The new technology in audio recording and mixing is amazing. A new parade of plugins, consoles and outboard emulations appeared in the last few years to revolutionize the field and help us.
Personally, what I like most from the modern audio recording process is the flexibility that it gives us. The chance to combine different EQ’s, compressors, and effects until you create your perfect chain within your chosen DAW (Digital Audio Workstation). But sometimes too many options can be overwhelming and take you out of your creative “zone”.
Something that I’ve been looking for when mixing is how to replicate the best of an analog workflow within modern DAWs. How to add the warmth and tightness of analog mixing in a way that won’t drain my creativity by having too many options to choose from.
That’s why I’ve come up with a list of 7 recommendations that will help you to be more creative and focus while mixing “in the box”.
1. Boring things first
Before you start the mixing process, do all your edits and housekeeping first. This includes: creating markers, color coding your tracks, “comping”, time aligning, noise reduction, pitch correction… This way you can then focus on creating a journey for your mix and navigate easier through your session.
2. Create a “Master Tape”
Once your editing is done, commit your tracks to the length of the session. By doing this you will be creating a “Master Tape”: a group of audio files of the same length that can be imported to any DAW for mixing. This includes rendering your Virtual Instruments to audio. This won’t just help your housekeeping, but will also allow you to share the project with collaborators, and ease your computer’s processing.
Remember that for the computer it is much easier to read one audio file instead of multiple audio files from a virtual instrument. You will be saving computer resources for your mixing process.
3. Create Your Virtual Studio beforehand (or several of them)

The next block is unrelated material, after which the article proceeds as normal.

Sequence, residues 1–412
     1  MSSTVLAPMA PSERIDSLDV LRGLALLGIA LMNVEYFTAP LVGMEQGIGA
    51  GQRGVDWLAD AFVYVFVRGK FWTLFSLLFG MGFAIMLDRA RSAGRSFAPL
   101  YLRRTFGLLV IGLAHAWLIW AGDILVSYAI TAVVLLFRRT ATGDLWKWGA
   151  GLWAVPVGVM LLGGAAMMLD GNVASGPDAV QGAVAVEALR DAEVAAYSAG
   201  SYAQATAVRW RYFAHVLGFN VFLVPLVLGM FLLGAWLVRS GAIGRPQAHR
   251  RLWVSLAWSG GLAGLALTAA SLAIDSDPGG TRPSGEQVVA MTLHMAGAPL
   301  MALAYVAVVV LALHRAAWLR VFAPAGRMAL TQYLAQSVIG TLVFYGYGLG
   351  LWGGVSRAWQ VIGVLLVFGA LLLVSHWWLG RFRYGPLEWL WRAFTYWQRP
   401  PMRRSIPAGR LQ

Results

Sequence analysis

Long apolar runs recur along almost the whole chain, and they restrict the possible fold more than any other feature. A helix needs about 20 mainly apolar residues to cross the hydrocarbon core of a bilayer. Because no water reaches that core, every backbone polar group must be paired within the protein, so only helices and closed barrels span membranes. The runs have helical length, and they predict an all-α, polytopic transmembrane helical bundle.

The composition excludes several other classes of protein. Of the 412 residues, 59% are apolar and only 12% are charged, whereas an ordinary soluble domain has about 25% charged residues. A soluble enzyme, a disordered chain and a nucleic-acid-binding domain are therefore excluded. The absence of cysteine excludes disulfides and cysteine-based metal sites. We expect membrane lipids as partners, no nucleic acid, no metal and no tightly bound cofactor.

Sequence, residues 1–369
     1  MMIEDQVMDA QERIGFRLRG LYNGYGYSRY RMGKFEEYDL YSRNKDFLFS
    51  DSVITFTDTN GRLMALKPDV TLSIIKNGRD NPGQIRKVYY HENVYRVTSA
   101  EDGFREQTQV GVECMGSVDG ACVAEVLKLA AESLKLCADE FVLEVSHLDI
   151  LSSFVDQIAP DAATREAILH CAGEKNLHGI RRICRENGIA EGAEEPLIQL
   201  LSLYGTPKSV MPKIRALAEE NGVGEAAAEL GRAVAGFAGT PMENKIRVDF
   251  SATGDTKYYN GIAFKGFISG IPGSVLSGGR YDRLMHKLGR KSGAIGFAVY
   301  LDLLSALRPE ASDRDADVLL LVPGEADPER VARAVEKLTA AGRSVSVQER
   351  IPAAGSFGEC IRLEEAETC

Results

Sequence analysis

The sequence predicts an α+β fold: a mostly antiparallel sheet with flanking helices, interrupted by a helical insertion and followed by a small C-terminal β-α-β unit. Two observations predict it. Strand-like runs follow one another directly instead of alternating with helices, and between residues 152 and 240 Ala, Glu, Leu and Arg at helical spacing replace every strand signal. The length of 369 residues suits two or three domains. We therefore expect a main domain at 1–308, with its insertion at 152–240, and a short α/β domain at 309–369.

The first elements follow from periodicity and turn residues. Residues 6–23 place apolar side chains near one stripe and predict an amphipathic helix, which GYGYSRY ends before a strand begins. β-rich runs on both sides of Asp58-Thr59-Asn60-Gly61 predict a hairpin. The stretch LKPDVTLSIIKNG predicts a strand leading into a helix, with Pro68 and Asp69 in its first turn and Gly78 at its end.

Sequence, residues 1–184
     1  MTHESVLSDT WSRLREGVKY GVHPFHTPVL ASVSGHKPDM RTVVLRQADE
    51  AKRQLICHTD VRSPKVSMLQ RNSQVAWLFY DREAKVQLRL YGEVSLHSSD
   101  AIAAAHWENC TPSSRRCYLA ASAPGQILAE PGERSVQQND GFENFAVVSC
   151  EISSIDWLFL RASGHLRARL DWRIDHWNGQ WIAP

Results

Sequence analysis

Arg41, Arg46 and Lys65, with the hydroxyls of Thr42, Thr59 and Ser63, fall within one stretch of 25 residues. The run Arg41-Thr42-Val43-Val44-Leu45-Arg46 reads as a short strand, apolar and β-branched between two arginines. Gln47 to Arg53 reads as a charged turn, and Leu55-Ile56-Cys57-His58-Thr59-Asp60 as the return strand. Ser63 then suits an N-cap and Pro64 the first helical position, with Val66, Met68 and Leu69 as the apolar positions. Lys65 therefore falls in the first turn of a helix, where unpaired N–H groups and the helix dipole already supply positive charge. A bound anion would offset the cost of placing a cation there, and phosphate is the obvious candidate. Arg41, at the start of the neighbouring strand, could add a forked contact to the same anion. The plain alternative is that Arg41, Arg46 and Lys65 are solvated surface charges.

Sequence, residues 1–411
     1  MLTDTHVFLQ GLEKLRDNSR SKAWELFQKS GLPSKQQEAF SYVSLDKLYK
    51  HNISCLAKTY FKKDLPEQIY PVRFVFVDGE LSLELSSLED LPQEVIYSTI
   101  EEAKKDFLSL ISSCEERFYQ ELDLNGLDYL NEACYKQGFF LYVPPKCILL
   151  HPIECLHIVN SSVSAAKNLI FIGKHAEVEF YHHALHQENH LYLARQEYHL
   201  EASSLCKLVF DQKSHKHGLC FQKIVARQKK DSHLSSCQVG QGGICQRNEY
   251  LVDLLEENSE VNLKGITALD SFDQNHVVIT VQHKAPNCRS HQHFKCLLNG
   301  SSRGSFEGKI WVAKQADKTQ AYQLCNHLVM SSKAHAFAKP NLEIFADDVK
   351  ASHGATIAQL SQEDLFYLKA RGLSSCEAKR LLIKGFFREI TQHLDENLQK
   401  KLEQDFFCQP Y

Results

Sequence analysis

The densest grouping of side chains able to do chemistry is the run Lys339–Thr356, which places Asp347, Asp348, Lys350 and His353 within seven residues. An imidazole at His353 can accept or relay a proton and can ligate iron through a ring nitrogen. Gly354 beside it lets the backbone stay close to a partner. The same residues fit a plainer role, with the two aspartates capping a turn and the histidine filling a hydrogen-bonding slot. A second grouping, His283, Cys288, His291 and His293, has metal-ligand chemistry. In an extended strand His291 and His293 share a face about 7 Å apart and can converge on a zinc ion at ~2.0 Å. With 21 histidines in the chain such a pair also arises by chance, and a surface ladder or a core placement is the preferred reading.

Back in the day, you might have had access to one studio at a time, with one console, with a limited number of channels and a limited amount of outboard equipment. But nowadays your DAW comes with a virtually infinite number of tracks and you probably have an arsenal of plugin emulations of different EQs, compressors, channels strips or effects at your disposal. All these options, as good as they may sound, can interrupt and block your creative process by having too many options to go through. Especially if you build your session as the mixing goes by, adding tracks and browsing through your plugin library. Instead, why not create your dream “Virtual Studio” beforehand?
Most DAWs nowadays allow you to create a template session with tracks that you can import into other projects. Take advantage of this and create a template session with tracks populated by your favorite plugins, Groups, VCAs, and your favorite FX tracks, you will create a dream “Studio” environment in your DAW, ready to receive your “Master Tape”, and start mixing straight away.
You can, in fact, go a step further and create different “Virtual Studios” in your DAW, based on different plugin combinations, styles of music or number of tracks. Then save them in different templates so you have a pallet of colors to choose from when you start mixing.